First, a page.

What is it about beadboard?
As a contractor for twenty years, I can’t recall ever hearing anyone say they don’t like it. At the same time I can remember hundreds of ooh’s and ah’s, gasps for breath, and near fainting when just the idea of beadboard was discussed! Not too many materials can claim such rarified status, especially not too many made, for the most part, of wood!
The bottom line is that beadboard just rocks, full-on! I love it, you love it, your spouse loves it, everybody loves it! (pretty much) We’re going to dedicate the next three installments of this ongoing series on all things related to wood paneling specifically to beadboard!
We’re going to start off with some serious photographic inspiration, because a clear vision is always the most important part of a great remodeling project! Let’s get to it!
Beadboard Pictures Galore
You’ve seen the people who can stand in a museum and look at a painting on a wall for hours. This is my Mona Lisa… I’m in awe of that cabinet, especially against that wall! cottage of stone
Beautiful recylced tongue and groove beadboard: www.coastalliving.com
Very water resistant, wood beadboard wall panels make a great wainscot in bathrooms. www.coastalliving.com
Beadboard ceilings and wall paneling combine with amazing window trim in this incredible bath. This photo shows a proper height when running up the wall higher. I’ve seen some pictures that are close to halfway, and that doesn’t look as nice. About 2/3. www.hgtv.com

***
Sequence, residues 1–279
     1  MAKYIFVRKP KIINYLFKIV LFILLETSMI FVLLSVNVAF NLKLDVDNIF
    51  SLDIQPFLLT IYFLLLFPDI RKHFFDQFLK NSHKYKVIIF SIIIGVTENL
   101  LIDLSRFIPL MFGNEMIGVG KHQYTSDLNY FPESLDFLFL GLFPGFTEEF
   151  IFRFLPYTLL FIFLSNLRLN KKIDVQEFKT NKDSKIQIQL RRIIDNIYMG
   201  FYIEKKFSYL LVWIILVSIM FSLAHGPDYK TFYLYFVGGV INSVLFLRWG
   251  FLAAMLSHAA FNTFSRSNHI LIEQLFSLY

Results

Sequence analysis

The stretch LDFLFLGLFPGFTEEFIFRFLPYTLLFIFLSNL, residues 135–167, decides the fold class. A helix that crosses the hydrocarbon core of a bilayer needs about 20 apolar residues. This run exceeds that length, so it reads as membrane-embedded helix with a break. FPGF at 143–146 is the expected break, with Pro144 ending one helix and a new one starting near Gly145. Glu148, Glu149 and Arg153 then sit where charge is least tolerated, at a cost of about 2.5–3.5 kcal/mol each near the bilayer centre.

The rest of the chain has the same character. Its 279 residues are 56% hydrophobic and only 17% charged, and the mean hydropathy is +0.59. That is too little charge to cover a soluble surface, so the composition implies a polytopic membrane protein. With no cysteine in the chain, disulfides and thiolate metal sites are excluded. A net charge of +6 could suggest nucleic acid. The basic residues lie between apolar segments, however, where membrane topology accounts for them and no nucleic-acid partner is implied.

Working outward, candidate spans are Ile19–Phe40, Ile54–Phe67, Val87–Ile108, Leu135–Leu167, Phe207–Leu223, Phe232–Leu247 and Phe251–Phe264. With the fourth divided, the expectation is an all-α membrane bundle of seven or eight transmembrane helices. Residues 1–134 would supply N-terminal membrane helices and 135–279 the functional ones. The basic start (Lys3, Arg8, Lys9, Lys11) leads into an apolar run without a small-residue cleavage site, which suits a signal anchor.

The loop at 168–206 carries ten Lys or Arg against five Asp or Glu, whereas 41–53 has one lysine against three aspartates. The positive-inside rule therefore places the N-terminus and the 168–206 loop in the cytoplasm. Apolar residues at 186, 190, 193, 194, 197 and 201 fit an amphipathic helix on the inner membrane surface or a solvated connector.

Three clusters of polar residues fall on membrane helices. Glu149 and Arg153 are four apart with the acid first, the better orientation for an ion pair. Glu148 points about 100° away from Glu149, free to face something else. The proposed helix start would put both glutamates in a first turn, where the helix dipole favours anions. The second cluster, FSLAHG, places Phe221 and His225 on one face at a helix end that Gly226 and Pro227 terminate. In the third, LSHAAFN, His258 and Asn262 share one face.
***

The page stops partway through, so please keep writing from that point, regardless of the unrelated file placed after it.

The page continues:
Beadboard makes great cabinet door panels…and I love the open shelves in this kitchen!
A very common mistake, but still a misnomer, is to call this beadboard. It looks similar, but this is v-joint tongue & groove paneling.
Running beadboard horizontally looks great and is much easier than you would think! If you use solid tongue and groove pine (or other solid wood) you can easily hang things like that rack with just a few screws. How cool is that?
In the next installment we’re going to talk about the details of real solid wood tongue and groove beadboard, then after that we’ll get into the easier, and often just as pretty, beadboard panels.
If you have any pictures of beadboard work you’ve done or some great ones you’ve seen, I’d love to see them. You can always email me: email@example.com
If you want to subscribe to my blog to be sure not to miss the next parts of the series (we haven’t even gotten into flat panels and raised panels yet!), you can do that here: subscribe to Remodeling Guy
Previous Posts in RG’s Complete Guide to Wood Paneling:
Post #3: Board and Batten Wall Panels